AFAIK, on my district s computers we have no rights. When we sign the district AUP, we agree that they can monitor and fully expect them to monitor our email
        Message 3 of 7 , Jun 5, 2006
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          AFAIK, on my district's computers we have no rights.

          When we sign the district AUP, we agree that they can monitor and
          fully expect them to monitor our email and web usage. We have
          filters in place, etc.

          Due process?

          Such as, warning you that you might be monitored? We are told we
          will be.

          Read our email? We are told it will be.

          A fellow teacher was removed from her classroom and dismissed because
          of what she reportedly said via chat and email. I actually think it
          was more but that is what was released.

          BTW, the chat protocol's are now chocked down to less than 1 mb/sec
          and the speed decreases rapidly the more the port is open.

          We have a piece of equipment (no I have not seen it) that monitors
          bandwidth usage and ports being accessed on the network. Within a
          second, (and any second during the day) they can tell you what
          protocol is being accessed by whom (not necessarily live). If they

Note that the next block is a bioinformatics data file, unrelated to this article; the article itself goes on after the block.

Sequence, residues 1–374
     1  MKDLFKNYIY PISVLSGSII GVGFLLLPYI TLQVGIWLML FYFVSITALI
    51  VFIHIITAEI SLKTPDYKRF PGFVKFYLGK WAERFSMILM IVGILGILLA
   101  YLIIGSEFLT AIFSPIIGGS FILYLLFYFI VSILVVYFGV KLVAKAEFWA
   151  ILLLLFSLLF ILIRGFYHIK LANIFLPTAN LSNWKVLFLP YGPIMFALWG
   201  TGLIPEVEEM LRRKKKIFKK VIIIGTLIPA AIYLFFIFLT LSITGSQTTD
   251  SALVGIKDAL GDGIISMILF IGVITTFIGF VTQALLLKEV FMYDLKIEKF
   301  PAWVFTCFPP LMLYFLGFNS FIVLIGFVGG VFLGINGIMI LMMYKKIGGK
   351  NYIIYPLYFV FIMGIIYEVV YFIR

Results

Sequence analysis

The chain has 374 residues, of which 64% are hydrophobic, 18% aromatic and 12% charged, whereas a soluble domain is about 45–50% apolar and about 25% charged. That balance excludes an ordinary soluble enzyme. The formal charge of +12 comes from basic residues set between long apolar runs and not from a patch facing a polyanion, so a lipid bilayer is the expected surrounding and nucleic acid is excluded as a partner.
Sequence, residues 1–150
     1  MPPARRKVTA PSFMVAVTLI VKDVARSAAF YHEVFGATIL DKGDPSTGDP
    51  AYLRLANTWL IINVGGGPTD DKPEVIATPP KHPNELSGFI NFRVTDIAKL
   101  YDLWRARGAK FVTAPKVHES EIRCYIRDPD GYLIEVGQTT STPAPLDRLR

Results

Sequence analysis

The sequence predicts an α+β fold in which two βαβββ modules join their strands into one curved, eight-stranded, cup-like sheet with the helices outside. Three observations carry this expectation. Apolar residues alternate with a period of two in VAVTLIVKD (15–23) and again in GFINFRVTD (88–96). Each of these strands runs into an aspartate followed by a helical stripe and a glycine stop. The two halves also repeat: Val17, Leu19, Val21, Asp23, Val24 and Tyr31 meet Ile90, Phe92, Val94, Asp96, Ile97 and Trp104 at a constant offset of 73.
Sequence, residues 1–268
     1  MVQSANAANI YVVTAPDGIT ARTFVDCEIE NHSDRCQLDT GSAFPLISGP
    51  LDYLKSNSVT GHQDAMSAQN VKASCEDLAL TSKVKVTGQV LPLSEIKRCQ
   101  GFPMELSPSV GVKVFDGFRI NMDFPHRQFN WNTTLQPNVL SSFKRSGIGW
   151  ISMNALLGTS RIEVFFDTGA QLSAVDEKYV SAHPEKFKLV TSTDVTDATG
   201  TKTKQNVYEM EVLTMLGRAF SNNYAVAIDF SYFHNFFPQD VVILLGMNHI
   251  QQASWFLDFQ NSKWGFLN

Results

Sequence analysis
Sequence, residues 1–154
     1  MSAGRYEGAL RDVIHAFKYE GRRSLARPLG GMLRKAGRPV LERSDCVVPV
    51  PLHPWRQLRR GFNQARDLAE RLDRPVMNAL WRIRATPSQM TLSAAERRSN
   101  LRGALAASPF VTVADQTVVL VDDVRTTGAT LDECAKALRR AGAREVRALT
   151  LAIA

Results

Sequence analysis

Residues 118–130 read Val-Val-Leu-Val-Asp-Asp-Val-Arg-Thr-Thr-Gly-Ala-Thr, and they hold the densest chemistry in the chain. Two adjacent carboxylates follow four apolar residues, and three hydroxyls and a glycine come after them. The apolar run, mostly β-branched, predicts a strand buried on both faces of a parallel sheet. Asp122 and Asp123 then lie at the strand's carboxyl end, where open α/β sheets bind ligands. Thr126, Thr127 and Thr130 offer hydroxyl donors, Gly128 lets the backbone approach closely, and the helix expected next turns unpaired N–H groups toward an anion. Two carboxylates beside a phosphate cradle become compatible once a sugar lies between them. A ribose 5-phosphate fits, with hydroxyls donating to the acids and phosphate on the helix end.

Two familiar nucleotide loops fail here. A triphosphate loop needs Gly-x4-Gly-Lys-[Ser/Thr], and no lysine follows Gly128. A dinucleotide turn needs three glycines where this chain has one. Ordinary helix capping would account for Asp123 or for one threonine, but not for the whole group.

perceive that they may have a "problem" they have desktop monitoring
          software that allows them to log into your computer and watch what
          you are doing. As in watch your monitor and any active (inactive)
          application you have going.

          Bob


          On Jun 5, 2006, at 6:46 AM, Reggie Ryan wrote:

          > Does anyone have any information regarding the usage of teacher and/or
          > student electronic documents in terms of due process? I am trying
          > to see if
          > technolgy is covered under due process for students and teachers in
          > legal
          > proceedings, and how schools possible collect such information.
          >
          > Thanks,
          >
          > Reggie Ryan
          >
          >
          > [Non-text portions of this message have been removed]
          >
          >
          >
          > WWWEDU, The Web and Education Discussion Group
          > http://groups.yahoo.com/group/wwwedu
          > http://www.edwebproject.org/wwwedu.html
          >
          >
          >
          >
          > SPONSORED LINKS
          > Secondary school education Graduate school education Home school
          > education
          > High school education Middle school education School education in
          > california
          >
          > YAHOO! GROUPS LINKS
          >
          > Visit your group "wwwedu" on the web.
          >
          > To unsubscribe from this group, send an email to:
          > wwwedu-unsubscribe@yahoogroups.com
          >
          > Your use of Yahoo! Groups is subject to the Yahoo! Terms of Service.